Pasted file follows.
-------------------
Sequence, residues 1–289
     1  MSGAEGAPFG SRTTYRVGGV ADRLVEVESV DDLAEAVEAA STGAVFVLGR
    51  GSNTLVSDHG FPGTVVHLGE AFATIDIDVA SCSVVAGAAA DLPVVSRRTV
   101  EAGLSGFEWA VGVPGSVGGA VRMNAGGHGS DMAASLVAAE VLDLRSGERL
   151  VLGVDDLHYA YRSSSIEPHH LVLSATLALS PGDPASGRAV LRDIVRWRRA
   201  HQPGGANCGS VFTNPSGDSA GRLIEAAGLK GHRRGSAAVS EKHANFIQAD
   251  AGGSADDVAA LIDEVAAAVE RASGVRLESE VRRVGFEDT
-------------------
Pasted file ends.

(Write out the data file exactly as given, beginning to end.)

Sequence, residues 1–289
     1  MSGAEGAPFG SRTTYRVGGV ADRLVEVESV DDLAEAVEAA STGAVFVLGR
    51  GSNTLVSDHG FPGTVVHLGE AFATIDIDVA SCSVVAGAAA DLPVVSRRTV
   101  EAGLSGFEWA VGVPGSVGGA VRMNAGGHGS DMAASLVAAE VLDLRSGERL
   151  VLGVDDLHYA YRSSSIEPHH LVLSATLALS PGDPASGRAV LRDIVRWRRA
   201  HQPGGANCGS VFTNPSGDSA GRLIEAAGLK GHRRGSAAVS EKHANFIQAD
   251  AGGSADDVAA LIDEVAAAVE RASGVRLESE VRRVGFEDT